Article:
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India's use of crude tankers to export diesel slows in May

FILE PHOTO: A crude oil tanker sails in Nakhodka Bay

By Trixie Yap

SINGAPORE (Reuters) -Indian refiners' use of crude oil vessels to ship refined fuels such as diesel to key European markets has diminished in May after volumes neared two-year high levels last month, trade sources and analysts said.

That is because rising inventories in the Antwerp-Rotterdam-Amsterdam region and shaky east-west diesel price spreads undermine the case for sellers to ship large volumes of the industrial fuel West.

While more April shipments from India to Europe provided a floor for Asian margins, fewer such voyages in May will likely compel Indian refiners to shift diesel sales back to Asia, exacerbating a supply glut in the region, analysts and traders said.

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Diesel exports using Suezmax and Aframax vessels Mesta, Pertamina Halmahera and Marlin Santorini - mostly from Reliance Industries' Jamnagar refinery - reached a near two-year high of around 380,000 metric tons (2.831 million barrels) in April, Kpler, Vortexa and LSEG shiptracking data showed.

Reliance did not respond to a Reuters email for comment.

Shiptracker Kpler in February estimated a switch by 35 Aframax crude tankers to carry refined products instead of crude.

Traders switched to using Suezmax and Aframax tankers - that typically load so-called "dirty" crude oil and residue fuel - for carrying "clean" refined products after freight rates for long-range (LR) tankers spiked following Houthi attacks on ships in the Red Sea that forced longer voyages and tightened vessel availability.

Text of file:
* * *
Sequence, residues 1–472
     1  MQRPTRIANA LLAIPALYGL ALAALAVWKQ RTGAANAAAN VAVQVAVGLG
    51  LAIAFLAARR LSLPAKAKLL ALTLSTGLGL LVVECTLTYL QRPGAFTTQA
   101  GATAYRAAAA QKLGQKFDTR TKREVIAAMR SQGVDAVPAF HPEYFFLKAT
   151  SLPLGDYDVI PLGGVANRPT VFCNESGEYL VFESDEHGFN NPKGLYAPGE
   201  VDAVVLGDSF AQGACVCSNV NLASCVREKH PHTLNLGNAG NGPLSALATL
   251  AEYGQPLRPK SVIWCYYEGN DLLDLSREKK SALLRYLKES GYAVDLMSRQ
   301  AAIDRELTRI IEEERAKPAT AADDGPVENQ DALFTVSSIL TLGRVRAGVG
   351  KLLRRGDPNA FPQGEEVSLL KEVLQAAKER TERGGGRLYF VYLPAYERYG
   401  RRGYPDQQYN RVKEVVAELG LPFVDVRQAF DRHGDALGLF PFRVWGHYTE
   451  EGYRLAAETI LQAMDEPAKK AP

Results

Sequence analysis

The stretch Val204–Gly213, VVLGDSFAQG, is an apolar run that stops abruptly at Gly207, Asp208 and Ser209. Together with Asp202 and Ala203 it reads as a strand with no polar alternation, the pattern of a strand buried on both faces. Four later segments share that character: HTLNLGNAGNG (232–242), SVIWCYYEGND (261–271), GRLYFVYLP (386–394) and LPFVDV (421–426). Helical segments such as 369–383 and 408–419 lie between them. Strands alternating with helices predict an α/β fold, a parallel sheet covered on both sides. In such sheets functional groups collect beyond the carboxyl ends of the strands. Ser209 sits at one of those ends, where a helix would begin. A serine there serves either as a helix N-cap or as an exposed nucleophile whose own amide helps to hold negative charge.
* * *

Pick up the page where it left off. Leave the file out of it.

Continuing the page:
"At the time it was a reflection of how tight the LR1 and LR2 clean product tanker market was given the additional tonne miles vessels were having to do to avoid the Red Sea, and the lack of available prompt tonnage to book because ships were massively displaced given the additional sail times," said Wood Mackenzie's research analyst Emma Howsham.

The crude oil market was also weaker, as refinery maintenance in the United States and Middle East dented demand for dirty vessels, making it attractive to ship diesel using them, she added.

COST FACTOR

The cost for shipping 65,000 tons of fuel on a LR1 tanker averaged $75 per ton in March and April from India to northwest Europe, compared to $60 a ton in February, pricing data from SSY Tanker showed.

Even after the cost for scrubbing and cleaning a vessel to load ultra-low sulphur diesel, that was still nearly twice the cost for shipping up to 130,000 tons of fuel on a Suezmax vessel on a similar route, traders said.

Traders have been among the biggest shippers of Indian-origin diesel, and they have the option for several discharge destinations and thus have room to ship using bigger vessels, one Europe-based trade source said.

The trend has abated for May with no dirty tankers carrying diesel on the India-northwest Europe route, shiptracking data showed, as analysts expect Europe's supply to be long.

The economics for Indian refiners to supply to Europe via the Cape of Good Hope looks challenging as "European supply looks ample in the coming months", said Woodmac's Howsham.

(Reporting by Trixie Yap in Singapore, Additional reporting by Ahmad Ghaddar in London and Mohi Narayan in New Delhi; Editing by Florence Tan, Tony Munroe and Muralikumar Anantharaman)